A close-up of the poster outside the museum! (Photo: Peter Sidell)

Sato Sakura Museum Tokyo

Modern paintings in traditional style

A close-up of the poster outside the museum! (Photo: Peter Sidell)
Peter Sidell   - 3 min read

A couple of minutes walk from Naka-Meguro station (close to Shibuya), the Sato Sakura Museum specializes in contemporary Nihonga - paintings executed with traditional Japanese subjects, techniques and materials. It holds a number of different exhibitions each year, and also displays a rotating selection from its collection, many of which are larger screen paintings of cherry-blossoms.

When I visited, the special exhibition was "Large Gathering of Doggies, Kitties and Birdies", which I imagine sounded more elegant in the original Japanese. Many of the paintings showed the animals against plain backgrounds, a style typical of Nihonga, focusing attention on the animals and whatever else the painters saw fit to include. Many of them were light in tone: here, a mix of different dogs are playing with some coloured balls, and here, another mix of dogs are sitting at (and on) a formally laid dining table, waiting for dinner to be served.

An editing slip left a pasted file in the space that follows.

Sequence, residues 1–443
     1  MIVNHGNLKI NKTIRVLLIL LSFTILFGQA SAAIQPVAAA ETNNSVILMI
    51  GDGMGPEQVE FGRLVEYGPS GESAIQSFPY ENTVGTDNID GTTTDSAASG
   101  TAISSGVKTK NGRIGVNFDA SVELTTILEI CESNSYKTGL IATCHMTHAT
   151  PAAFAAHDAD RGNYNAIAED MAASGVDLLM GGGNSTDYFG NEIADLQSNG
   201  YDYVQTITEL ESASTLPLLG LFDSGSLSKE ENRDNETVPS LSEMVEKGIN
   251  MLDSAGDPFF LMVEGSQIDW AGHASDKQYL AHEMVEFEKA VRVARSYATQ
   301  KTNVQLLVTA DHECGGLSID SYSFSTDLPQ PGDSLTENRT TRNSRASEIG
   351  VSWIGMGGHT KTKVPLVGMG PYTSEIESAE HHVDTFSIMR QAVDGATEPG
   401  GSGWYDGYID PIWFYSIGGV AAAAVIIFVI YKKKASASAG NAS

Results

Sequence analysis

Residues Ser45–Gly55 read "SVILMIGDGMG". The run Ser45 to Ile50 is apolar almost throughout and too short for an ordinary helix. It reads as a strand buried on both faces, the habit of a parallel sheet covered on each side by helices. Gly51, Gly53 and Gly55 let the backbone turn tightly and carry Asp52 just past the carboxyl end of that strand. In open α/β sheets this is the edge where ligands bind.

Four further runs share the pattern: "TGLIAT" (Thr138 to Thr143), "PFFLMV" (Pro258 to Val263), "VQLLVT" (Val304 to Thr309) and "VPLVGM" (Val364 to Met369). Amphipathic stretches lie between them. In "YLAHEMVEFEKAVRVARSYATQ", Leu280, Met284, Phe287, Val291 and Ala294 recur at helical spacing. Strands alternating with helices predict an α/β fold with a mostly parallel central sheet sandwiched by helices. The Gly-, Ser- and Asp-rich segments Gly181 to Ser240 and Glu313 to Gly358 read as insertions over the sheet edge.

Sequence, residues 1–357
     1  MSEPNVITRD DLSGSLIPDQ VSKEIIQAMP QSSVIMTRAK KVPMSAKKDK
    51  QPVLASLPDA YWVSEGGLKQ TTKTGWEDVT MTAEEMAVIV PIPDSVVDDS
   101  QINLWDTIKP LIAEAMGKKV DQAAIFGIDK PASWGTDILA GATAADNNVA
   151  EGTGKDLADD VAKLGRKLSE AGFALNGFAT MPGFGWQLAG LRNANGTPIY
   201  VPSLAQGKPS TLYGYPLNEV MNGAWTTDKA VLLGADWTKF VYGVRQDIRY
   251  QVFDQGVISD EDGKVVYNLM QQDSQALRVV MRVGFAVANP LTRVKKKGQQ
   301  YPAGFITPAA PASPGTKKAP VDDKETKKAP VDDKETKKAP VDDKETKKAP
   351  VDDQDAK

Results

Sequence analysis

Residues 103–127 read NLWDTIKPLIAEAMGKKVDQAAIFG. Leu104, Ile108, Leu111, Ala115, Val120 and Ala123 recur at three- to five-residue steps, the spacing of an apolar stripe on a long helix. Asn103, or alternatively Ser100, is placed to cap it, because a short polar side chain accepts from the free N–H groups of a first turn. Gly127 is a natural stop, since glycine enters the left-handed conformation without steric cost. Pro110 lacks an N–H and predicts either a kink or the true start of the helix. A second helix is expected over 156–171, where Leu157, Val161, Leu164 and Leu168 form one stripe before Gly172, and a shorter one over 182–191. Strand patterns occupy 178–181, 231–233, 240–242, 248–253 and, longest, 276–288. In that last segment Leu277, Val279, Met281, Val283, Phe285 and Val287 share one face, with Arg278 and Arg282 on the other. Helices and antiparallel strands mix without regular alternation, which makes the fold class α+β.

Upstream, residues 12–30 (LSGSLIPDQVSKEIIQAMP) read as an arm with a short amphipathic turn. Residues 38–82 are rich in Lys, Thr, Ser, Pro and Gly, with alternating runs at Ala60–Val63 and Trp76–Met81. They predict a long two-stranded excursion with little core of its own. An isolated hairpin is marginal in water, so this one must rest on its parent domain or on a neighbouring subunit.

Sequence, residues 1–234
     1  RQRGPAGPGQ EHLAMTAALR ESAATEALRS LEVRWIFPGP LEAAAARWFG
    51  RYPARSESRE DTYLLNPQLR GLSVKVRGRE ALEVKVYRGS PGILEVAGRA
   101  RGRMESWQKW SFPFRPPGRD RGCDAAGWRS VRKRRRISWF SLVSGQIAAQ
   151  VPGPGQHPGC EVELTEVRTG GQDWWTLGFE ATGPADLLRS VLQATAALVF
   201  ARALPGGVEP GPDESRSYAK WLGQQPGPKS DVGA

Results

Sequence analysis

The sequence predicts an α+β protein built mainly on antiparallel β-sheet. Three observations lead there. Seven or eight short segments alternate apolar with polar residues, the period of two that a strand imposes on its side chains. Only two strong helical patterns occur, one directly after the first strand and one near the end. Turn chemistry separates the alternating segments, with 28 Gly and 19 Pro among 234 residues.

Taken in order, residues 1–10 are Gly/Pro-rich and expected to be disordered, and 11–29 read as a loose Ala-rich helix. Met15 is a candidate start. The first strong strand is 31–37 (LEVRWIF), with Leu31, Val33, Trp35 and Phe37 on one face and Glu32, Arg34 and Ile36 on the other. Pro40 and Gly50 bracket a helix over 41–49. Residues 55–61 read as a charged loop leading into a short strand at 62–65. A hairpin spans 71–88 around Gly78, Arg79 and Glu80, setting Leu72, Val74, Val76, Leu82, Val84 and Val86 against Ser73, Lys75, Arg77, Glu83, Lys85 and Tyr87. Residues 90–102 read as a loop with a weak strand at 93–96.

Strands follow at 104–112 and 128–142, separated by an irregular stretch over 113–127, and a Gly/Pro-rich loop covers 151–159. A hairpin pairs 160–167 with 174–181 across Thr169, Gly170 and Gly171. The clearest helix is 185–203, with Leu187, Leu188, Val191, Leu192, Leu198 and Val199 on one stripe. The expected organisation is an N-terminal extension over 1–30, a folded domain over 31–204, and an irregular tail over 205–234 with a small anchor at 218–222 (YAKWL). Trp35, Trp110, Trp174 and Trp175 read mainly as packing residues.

The paintings of birds were more restrained: herons on a snowy tree, sparrows among cherry-blossoms on a vibrant gold background, a duck leaving a clear path in its wake as it swims through the fallen petals on the surface of its pond. And the cats were shown in an equal variety of settings; one eyeing a silk spider, one big ginger cat with some butterflies, a set of four paintings with cats shown against backgrounds of seasonal flowers.

On the second floor was "100 Views of Sakura", a roomful of cherry-blossom pictures. These were all very relaxing to look at, and some showed exquisite detail, with every petal of every flower painted individually. There was also a good variety of different views: a night scene with a temple pagoda, a view from above of red parasols under a tree, a forest with some gentle pink blossoms reflected in a lake.

Despite the traditional feel and subject matter, most of the paintings were painted only in the last few years, the very oldest being from 1970. There's a wide diversity in both the exhibitions, so though the museum is quite small, there's plenty to see and enjoy. Then at the exit there's a gift shop selling a small range of goods such as cards and prints, so you can pick up a souvenir of your visit before you head back out into the modern world again.

Peter Sidell

Peter Sidell @peter.sidell

I came to Japan from Manchester, England in 2003, and have travelled a lot since then, around Japan and in Asia. When I'm not working, I write satire and perform stand-up comedy in and around Tokyo. Check YouTube for a taste.